The political organization of the Zulu was built like a pyramid. At the base of the structure were the individual households 'imizi', which comprised the smallest political units in the government of the nation.
Each umuzi was under the control of the umnumzane 'household head', who was responsible for keeping order and dealing with any domestic or local disputes that might arise. He was responsible to the induna — the head of the district 'isigodi' in which the umuzi was situated. The head of the district was responsible for all law and order in his district and settled disputes which the household head could not settle or which were too large or important for him to handle.
The district in turn formed part of a larger region, the isifunda, which was controlled by an important district head or hereditary chief 'inkosi', who was directly responsible to the king. In a land and at a time when communications were physically difficult to achieve, this interlocking pyramidal political structure provided an effective way for the king to exercise political control over his kingdom.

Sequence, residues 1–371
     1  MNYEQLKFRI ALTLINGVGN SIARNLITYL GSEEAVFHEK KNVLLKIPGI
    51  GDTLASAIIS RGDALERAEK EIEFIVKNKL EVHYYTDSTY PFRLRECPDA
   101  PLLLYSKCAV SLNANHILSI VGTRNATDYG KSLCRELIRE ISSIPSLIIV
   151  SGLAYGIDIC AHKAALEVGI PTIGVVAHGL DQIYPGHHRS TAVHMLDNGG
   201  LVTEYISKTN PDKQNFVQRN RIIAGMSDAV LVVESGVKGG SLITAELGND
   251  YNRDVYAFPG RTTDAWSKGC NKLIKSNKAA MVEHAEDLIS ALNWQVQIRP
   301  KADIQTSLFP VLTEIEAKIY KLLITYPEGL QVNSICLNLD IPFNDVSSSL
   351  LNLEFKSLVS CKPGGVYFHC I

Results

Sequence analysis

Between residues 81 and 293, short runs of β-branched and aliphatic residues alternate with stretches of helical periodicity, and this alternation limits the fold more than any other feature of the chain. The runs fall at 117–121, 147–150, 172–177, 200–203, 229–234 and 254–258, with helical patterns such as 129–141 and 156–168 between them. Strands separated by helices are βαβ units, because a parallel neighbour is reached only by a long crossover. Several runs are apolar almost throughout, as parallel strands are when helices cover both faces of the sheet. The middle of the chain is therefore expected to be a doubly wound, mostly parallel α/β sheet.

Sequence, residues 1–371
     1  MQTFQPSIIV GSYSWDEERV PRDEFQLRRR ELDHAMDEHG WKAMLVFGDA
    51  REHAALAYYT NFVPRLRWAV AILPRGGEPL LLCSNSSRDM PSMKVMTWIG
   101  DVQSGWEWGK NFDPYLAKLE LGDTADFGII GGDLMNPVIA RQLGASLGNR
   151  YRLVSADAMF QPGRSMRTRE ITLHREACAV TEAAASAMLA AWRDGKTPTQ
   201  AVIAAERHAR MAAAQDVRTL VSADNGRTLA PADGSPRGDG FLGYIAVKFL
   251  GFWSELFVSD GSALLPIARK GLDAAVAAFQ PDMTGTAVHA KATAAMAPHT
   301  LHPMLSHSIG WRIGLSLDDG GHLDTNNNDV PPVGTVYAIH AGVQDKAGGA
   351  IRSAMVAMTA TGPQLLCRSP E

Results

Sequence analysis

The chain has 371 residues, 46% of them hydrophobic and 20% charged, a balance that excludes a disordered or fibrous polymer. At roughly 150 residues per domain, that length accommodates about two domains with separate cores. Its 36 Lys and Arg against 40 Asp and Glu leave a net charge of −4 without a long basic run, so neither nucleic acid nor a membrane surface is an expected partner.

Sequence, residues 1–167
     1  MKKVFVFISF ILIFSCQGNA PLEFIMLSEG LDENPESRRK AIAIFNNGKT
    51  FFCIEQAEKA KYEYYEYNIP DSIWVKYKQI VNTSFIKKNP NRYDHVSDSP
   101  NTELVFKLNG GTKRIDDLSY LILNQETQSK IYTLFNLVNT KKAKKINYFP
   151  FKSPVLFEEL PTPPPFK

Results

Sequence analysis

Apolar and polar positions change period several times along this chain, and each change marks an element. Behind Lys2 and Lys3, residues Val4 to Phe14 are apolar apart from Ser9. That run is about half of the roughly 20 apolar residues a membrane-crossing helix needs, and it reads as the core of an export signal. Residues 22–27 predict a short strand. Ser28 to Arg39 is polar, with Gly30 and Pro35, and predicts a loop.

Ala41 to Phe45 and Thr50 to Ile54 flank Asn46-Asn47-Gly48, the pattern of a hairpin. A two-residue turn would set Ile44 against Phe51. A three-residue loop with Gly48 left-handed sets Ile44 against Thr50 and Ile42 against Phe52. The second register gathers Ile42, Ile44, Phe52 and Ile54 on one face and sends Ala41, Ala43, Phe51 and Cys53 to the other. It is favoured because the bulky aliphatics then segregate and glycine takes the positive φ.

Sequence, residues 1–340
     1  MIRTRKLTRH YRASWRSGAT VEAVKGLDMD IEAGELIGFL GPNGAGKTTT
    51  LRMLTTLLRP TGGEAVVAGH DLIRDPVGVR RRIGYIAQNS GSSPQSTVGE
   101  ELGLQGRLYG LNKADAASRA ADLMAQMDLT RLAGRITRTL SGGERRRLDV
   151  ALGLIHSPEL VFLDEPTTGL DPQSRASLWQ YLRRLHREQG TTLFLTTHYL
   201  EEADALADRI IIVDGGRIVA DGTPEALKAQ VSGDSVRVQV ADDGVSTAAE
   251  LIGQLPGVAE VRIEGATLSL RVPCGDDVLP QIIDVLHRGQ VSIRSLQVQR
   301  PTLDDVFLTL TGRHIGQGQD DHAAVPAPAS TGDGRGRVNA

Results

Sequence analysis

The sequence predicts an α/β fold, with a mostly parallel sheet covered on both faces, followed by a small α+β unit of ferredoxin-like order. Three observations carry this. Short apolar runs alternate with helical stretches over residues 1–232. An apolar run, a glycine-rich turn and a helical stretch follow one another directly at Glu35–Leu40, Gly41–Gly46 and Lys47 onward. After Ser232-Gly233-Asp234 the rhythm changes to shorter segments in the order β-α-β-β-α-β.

Much of this structure has survived the interference of successive white administrations, and South Africa's new democratic government, elected in 1994, has acknowledged the need to support and maintain traditional structures of authority in the interest of rural stability.
However, some traditional practices are in conflict with the provisions contained in South Africa's new constitution, which guarantees equality regardless of race, religious affiliation or gender. The allocation of land to women, which would not have been allowed in the past, has therefore become increasingly common.